Slavs (ethnonym)

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The Slavic ethnonym (and autonym), Slavs, is reconstructed in Proto-Slavic as *Slověninъ, plural *Slověně. The earliest written references to the Slav ethnonym are in other languages.

Early mentions[edit]

Sporoi (Greek: Σπόροι) or Spori was according to Eastern Roman scholar Procopius (500–560) the old name of the Antes and Sclaveni, two Early Slavic branches. Procopius stated that the Sclaveni and Antes spoke the same language, but he did not trace their common origin back to the Veneti (as per Jordanes) but to a people he called "Sporoi".[1] He derived the name from Greek σπείρω ("I scatter grain"), because "they populated the land with scattered settlements".[2]

Roman bureaucrat Jordanes wrote about the Slavs in his work Getica (551): "although they derive from one nation, now they are known under three names, the Veneti, Antes and Sclaveni" (ab unastirpe exorti, tria nomina ediderunt, id est Veneti, Antes, Sclaveni); that is, the West Slavs, East Slavs, and South Slavs.[3] He stated that the Veneti were the ancestors of the Sclaveni and the Antes, the two having used to be called Veneti but are now "chiefly" (though, by implication, not exclusively) called Sclaveni and Antes.[4][better source needed] Jordanes' Veneti and Procopius' Sporoi were used for the ethnogenetic legend of the Slavs, the ancestors of the Slavs (the subsequent ethnic group name).[5]

Thus, the Slav ethnonym at first denoted the southern group of the Early Slavs. This ethnonym is attested by Procopius in Byzantine Greek as Σκλάβοι Sklaboi, Σκλαβηνοί Sklabēnoi, Σκλαυηνοί Sklauenoi, Σθλαβηνοί Sthlauenoi, or Σκλαβῖνοι Sklabinoi,[6] while his contemporary Jordanes refers to the Sclaveni in Latin.[7]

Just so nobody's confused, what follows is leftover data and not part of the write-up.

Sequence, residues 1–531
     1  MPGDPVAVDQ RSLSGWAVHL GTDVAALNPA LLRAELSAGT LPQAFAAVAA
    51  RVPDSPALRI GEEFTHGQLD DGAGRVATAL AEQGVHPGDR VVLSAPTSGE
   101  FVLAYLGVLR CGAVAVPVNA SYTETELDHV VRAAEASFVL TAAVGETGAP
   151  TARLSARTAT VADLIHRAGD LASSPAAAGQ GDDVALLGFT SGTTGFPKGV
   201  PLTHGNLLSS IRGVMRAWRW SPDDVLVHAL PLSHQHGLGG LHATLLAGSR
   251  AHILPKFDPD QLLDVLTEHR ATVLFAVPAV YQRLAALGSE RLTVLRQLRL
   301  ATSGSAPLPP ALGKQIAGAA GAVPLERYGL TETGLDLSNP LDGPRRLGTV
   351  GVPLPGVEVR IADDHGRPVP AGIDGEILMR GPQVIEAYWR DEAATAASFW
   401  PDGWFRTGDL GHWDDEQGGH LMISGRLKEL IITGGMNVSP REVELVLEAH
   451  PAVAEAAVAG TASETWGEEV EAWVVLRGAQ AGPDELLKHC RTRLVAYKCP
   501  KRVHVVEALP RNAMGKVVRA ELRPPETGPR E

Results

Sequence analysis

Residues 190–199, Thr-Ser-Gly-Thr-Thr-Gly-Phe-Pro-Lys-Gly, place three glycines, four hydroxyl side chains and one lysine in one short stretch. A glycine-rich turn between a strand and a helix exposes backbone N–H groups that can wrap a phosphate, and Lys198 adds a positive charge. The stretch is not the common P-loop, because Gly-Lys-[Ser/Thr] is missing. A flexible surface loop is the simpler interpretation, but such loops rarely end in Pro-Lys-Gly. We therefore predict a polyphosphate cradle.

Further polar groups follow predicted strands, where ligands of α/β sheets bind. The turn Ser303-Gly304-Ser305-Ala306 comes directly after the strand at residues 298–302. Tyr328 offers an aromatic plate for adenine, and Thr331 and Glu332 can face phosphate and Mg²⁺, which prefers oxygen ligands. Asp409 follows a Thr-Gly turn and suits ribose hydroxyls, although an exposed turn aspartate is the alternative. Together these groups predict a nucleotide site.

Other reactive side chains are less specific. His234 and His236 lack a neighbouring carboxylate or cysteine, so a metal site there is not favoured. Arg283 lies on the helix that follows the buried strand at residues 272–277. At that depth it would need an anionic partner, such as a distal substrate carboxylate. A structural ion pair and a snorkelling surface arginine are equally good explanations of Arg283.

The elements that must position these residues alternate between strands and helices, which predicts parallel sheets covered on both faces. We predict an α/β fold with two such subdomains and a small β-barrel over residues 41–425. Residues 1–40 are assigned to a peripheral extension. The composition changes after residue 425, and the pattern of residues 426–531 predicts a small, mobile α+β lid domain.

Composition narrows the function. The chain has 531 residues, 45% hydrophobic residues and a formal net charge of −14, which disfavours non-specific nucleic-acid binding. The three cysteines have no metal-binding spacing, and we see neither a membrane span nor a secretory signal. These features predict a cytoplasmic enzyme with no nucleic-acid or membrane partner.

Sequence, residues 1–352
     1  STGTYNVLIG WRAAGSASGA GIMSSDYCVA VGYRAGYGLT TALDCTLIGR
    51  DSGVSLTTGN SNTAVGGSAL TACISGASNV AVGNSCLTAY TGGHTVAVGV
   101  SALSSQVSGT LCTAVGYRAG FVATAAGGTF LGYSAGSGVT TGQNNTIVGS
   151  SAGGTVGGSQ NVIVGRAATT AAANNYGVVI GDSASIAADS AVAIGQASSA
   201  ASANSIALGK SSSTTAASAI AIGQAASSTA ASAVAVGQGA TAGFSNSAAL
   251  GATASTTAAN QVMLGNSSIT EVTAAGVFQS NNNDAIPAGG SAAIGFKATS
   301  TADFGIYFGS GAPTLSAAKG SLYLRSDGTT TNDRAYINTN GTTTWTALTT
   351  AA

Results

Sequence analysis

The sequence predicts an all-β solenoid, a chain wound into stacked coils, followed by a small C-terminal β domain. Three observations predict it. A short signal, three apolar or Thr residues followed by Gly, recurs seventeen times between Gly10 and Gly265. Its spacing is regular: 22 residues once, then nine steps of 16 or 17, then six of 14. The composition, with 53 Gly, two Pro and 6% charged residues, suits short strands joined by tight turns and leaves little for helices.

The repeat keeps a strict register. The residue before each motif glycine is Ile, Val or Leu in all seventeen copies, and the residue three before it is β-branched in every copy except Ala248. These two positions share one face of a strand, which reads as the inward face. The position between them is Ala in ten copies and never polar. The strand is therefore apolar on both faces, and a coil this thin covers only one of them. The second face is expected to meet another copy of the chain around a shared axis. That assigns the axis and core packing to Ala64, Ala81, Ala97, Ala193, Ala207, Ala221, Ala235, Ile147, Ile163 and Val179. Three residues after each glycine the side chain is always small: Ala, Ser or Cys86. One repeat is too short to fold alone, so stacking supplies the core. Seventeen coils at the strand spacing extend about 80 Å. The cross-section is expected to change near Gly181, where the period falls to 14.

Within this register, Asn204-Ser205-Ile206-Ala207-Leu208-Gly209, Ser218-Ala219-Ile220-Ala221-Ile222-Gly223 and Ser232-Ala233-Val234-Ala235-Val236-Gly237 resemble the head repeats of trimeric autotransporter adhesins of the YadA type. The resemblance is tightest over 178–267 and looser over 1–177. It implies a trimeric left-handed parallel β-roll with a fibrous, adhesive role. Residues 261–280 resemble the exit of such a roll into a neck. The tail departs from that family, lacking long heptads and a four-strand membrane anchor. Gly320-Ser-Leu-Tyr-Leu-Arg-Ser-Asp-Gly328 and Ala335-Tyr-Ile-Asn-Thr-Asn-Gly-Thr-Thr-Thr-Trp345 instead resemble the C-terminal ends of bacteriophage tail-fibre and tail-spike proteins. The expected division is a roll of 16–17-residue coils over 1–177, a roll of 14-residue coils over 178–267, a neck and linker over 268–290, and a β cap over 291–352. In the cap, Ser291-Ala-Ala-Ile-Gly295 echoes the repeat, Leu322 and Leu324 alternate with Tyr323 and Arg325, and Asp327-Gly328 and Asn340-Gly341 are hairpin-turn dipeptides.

The oldest documents written in Old Church Slavonic and dating from the 9th century attest Словѣне Slověne to describe the Slavs. Other early Slavic attestations include Old East Slavic Словѣнѣ Slověně for "an East Slavic group near Novgorod".[citation needed]


The Slavic autonym *Slověninъ is usually considered a derivation from slovo "word", originally denoting "people who speak (the same language)", i.e. people who understand each other, in contrast to the Slavic word denoting "foreign people" – němci, meaning "mumbling, murmuring people" (from Slavic *němъ – "mumbling, mute"). The latter word may be the derivation of words to denote German/Germanic people in many later Slavic languages: e.g., Czech Němec, Slovak Nemec, Slovene Nemec, Belarusian, Russian and Bulgarian Немец, Serbian Немац, Serbian, Bosnian and Croatian Nijemac, Polish Niemiec, Ukrainian Німець, etc.,[8] but another theory states that rather these words are derived from the name of the Nemetes tribe,[9][10] which is derived from the Celtic root nemeto-.[11][12]

The English term slave derives from the ethnonym Slav. In medieval wars many Slavs were captured and enslaved, which led to the word "slav" becoming synonym to "enslaved person".[13][14][15][16] The English word Slav could be derived from the Middle English word sclave, which was borrowed from Medieval Latin sclavus or slavus,[17][better source needed] itself a borrowing and Byzantine Greek σκλάβος sklábos "slave," which was in turn apparently derived from a misunderstanding of the Slavic autonym (denoting a speaker of their own languages). The Byzantine term Sklavinoi was loaned into Arabic as Saqaliba صقالبة (sing. Saqlabi صقلبي) by medieval Arab historiographers. However, the origin of this word is disputed.[18][19]